American Beauty

05 25 marie doro 3Today is the birthday of this lady, a long forgotten star of silent film called Marie Doro. She was born Marie Katherine Stewart in 1882, in Duncannon, Pennsylvania. Like most early film stars, she began her acting career on the stage. Also like most stage actresses, she began working in the chorus. By 1901, she was appearing in a play by David Belasco called ‘Naughty Anthony’. It doesn’t seem to have been one of his better plays and she appears to have been the best thing in it. She played a hosiery model who, in one scene, has put on a pair of silk stockings and is demonstrating their fit to three shocked Salvation Army women, when… a man walks in. It doesn’t sound like much to you and me, but in 1901, it was pretty scandalous.

In 1903 she was spotted by impresario Charles Frohman who took her to Broadway. In 1905 she travelled to London where she worked alongside William Gillette in a play called ‘Sherlock Holmes’. Gillette was the first man to play the role of the detective. I mentioned this play when I wrote about Charlie Chaplin back in April. The sixteen year old, then unknown, Chaplin also had a small part in the play. He still remembered seeing her for the first time when, years later, he wrote his autobiography. He said:

“She was so devastatingly beautiful that I resented her. I resented her delicate, pouting lips, her regular, white teeth, her adorable chin, her raven hair and dark brown eyes… But oh God, she was beautiful. It was love at first sight.”

And who can blame him? The photograph below was taken around 1902 by a Broadway photographer called Burr McIntosh. It’s a wonderful picture, she is indeed, radiant.05 25 marie doro 2 I was glad I managed to track down the name of the photographer. I only wish I could tell you who was responsible for her costume.

Ten years later, Marie and Charlie were both in Hollywood. Marie told a friend that she was a huge fan of Charlie Chaplin and would like to meet him. She had no idea that they had once acted together. When they were introduced he said: ‘But we’ve met before. You broke my heart. I was silently in love with you.’ She answered ‘How thrilling.’ He told her how he had timed exactly when she would leave her dressing room, just so he could meet her on the stairs and gulp ‘Good evening’.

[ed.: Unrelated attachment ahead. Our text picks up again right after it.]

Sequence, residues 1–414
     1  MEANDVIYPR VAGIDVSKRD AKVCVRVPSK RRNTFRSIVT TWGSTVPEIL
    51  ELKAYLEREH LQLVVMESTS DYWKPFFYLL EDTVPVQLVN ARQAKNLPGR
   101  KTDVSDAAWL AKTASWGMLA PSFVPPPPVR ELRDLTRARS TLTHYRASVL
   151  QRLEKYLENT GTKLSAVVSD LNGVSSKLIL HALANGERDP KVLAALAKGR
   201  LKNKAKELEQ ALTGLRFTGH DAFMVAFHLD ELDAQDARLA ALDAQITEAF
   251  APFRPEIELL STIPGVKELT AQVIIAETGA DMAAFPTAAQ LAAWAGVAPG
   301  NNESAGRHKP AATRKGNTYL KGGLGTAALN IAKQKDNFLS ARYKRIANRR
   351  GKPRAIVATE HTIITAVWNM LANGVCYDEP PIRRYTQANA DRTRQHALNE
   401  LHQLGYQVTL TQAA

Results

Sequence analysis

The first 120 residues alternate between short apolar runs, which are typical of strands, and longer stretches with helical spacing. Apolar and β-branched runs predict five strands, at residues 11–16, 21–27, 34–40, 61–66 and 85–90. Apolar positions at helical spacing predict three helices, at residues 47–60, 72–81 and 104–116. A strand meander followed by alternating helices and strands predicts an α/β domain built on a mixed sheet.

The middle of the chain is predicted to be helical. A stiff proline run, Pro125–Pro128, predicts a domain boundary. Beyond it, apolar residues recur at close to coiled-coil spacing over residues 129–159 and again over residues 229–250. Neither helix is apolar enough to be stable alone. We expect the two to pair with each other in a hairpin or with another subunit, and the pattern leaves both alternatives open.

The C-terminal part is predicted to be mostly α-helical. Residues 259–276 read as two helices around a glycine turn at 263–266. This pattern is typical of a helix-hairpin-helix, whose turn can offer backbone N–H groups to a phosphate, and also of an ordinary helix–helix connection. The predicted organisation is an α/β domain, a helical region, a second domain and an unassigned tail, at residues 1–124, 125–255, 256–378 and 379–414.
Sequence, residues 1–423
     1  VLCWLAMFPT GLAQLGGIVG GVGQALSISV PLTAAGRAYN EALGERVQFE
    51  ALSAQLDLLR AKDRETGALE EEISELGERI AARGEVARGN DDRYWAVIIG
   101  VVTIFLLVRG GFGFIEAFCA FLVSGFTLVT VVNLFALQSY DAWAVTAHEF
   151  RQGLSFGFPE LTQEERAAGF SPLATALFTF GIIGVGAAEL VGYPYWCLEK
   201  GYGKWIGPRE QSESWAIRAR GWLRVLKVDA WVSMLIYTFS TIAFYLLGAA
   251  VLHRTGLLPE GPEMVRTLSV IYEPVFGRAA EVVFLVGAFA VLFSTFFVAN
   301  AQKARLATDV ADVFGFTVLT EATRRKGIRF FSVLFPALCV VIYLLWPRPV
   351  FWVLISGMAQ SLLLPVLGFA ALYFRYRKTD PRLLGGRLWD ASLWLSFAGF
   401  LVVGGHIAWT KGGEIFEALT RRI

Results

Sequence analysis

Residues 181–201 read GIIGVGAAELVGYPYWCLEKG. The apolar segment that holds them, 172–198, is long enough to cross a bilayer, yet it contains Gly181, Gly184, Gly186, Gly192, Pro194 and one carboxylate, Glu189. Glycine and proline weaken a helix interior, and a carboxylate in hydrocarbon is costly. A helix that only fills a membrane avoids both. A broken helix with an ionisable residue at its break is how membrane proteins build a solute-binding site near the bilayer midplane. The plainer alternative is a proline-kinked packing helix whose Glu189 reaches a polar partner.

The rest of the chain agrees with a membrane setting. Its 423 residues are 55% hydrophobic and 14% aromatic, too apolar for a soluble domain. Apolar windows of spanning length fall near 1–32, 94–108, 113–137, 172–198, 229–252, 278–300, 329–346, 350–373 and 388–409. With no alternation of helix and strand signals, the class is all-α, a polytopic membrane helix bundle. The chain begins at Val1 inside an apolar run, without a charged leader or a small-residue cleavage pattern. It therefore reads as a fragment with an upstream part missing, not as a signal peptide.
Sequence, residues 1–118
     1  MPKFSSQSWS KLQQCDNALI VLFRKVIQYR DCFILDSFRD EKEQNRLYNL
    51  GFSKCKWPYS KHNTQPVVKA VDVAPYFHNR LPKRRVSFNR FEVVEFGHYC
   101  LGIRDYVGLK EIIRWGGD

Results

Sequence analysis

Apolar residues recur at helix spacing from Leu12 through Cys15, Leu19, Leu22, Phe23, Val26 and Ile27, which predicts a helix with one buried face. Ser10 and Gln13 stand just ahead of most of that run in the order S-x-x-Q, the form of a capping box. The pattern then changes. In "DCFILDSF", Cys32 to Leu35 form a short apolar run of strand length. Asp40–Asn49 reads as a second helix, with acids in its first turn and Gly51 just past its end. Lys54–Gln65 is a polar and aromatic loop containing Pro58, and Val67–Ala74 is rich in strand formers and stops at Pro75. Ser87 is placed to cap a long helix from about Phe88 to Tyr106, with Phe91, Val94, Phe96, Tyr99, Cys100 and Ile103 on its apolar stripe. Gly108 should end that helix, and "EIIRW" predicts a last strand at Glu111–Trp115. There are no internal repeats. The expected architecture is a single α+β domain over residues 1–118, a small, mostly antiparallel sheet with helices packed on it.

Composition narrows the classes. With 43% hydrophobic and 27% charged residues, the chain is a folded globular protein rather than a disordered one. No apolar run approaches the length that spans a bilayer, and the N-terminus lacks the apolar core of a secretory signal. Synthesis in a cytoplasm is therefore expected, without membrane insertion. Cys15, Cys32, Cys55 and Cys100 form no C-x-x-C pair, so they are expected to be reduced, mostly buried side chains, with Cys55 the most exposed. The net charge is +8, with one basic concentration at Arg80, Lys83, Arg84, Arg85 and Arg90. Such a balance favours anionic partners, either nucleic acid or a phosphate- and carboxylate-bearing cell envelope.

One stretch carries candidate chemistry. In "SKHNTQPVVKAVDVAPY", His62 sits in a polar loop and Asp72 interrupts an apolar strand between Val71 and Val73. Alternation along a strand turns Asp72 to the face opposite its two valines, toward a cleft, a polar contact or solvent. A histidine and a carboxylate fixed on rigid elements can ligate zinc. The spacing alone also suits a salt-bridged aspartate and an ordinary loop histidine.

Marie appeared in several plays alongside Gillette, including one he wrote himself called Clarice in which she had the title role. It is about a doctor and his young ward who are in love but neither knows the other’s feelings. There are some suggestions that Gillette wrote the play with her in mind. Frohman and Gillette exerted a strong influence on her development as an actress and she later admitted that she had been ‘hypnotised by them.’ She was rather typecast as the weak and pretty woman but people who knew her described her as very intelligent and funny. She was an something of an expert on the work of Shakespeare and on Elizabethan poetry.

After Frohman was killed in the sinking of the Lusitania she made a sideways move into cinema. She appeared in eighteen films all together, almost none of which survive. Old films were shot on cellulose nitrate film which tends to rot away. Either that or it spontaneously bursts into flames. It will carry on burning, even if you submerge it in water. Maybe 75 % of all American silent films are lost. The titles of her films are intriguing, I’d love to be able to show you a clip from ‘The Mysterious Princess’ orMidnight Gambols’, but I can’t. She does have the honour of having appeared in the first 3D film to be shown to a paying audience, in 1915. It was just a few test shots, but still, that’s quite a claim.